Yet right through history the things that make our cities special – density, connectedness to international markets, community – are the same things that make it easy for diseases to spread.

The other lesson of history is that these disadvantages are easily countered with the eager embrace of new ideas and investments.

For example, the construction of the Croton aqueduct helped prevent New York from experiencing a deadly cholera epidemic again. Ironically the scientific theory that prompted the construction of it – that pandemics like cholera were caused by “rotten” air – proved incorrect, proof that even an imperfect solution can sometimes be good enough.

Ricky Wilson/Stuff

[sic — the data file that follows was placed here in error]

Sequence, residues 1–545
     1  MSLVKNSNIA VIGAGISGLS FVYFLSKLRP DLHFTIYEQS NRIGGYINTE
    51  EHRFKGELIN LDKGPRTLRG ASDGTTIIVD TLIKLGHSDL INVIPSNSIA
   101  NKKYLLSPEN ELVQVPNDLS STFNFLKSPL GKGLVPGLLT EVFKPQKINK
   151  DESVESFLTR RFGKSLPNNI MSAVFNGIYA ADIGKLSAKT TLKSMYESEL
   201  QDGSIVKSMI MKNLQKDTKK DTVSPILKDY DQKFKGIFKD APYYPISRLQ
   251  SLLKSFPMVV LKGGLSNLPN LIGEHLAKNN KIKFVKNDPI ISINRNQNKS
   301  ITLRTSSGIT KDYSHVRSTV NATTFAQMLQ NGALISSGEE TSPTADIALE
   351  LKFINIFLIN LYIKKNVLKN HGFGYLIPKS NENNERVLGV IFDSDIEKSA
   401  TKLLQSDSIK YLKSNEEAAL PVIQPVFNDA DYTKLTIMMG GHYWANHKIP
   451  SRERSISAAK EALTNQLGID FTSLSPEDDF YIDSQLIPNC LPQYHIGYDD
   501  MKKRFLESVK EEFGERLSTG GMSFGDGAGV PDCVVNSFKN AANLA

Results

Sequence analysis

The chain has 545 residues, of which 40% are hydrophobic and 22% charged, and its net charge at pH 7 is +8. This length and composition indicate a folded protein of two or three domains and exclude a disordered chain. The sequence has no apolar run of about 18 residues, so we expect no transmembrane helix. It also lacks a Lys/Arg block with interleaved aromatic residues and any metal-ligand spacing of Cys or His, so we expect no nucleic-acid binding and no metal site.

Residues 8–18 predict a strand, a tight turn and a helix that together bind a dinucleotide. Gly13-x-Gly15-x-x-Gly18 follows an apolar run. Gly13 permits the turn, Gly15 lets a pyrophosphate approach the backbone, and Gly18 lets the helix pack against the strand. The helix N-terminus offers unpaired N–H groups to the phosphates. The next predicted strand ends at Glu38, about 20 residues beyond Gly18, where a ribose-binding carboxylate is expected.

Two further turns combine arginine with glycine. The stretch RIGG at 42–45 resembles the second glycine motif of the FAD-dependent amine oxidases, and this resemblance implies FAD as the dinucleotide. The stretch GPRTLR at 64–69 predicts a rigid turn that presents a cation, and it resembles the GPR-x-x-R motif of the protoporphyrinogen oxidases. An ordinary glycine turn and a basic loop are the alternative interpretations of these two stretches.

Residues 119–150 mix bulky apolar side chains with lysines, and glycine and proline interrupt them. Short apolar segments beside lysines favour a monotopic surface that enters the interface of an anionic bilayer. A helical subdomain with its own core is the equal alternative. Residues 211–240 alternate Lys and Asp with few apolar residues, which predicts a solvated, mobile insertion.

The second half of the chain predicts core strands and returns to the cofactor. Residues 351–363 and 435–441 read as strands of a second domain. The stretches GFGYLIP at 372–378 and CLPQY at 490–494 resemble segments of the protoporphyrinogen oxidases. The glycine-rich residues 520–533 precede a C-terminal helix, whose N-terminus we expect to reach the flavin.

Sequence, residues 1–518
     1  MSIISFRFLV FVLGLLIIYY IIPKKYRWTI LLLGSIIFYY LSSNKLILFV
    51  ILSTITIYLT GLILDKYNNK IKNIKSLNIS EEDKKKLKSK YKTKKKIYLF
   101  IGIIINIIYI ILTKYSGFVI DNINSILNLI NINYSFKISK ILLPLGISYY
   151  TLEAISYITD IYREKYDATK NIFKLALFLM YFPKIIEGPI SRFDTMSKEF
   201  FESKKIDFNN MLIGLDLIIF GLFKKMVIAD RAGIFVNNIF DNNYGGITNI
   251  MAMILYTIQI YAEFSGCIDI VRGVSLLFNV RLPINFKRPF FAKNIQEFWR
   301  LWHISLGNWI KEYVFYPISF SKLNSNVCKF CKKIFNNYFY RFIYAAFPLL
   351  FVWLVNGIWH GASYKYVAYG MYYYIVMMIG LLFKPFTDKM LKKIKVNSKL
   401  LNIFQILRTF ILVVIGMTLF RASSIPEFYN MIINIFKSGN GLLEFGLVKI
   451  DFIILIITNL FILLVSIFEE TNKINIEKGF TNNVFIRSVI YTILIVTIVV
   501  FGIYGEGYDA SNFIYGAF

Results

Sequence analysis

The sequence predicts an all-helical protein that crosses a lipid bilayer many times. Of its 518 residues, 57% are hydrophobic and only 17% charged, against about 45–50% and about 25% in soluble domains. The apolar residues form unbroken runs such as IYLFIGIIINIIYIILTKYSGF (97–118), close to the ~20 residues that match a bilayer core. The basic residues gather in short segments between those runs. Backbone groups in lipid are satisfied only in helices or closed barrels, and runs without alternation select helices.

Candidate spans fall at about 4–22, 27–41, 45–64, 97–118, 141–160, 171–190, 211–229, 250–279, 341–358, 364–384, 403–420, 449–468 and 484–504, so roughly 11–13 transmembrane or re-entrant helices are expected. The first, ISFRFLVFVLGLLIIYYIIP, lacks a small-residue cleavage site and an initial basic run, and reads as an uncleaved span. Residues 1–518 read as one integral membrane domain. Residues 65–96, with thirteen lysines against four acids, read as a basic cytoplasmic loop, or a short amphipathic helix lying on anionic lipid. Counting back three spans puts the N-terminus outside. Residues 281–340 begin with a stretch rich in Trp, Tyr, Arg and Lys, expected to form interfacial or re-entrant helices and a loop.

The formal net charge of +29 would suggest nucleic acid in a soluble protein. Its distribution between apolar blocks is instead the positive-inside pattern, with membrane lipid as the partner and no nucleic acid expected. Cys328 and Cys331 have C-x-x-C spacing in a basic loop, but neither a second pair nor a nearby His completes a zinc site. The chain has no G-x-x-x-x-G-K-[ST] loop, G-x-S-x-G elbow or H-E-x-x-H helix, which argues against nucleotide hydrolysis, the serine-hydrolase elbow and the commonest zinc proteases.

We will need to think about how we protect our cities against Covid-19 without losing the things that make them great.

It is likely our cities will need thinking on this scale.

Perhaps this time it will be purpose-built quarantine facilities, open-air parks, hospitals, or larger and faster testing laboratories that prove to be the aqueducts of the future.

Whatever the solution, history has proven cities and Governments can’t afford to just sit back and see what happens. They need to be prepared to invest large amounts of money quickly if they want people to not only be safe, but to feel safe.

If we don’t then we are risking some of the great ideas that come out of our cities, they will simply not be created if people can’t meet, live together, and socialise.

As a society we often don’t place much value on intangible concepts like ideas, and often prefer to focus on things made out of concrete or steel.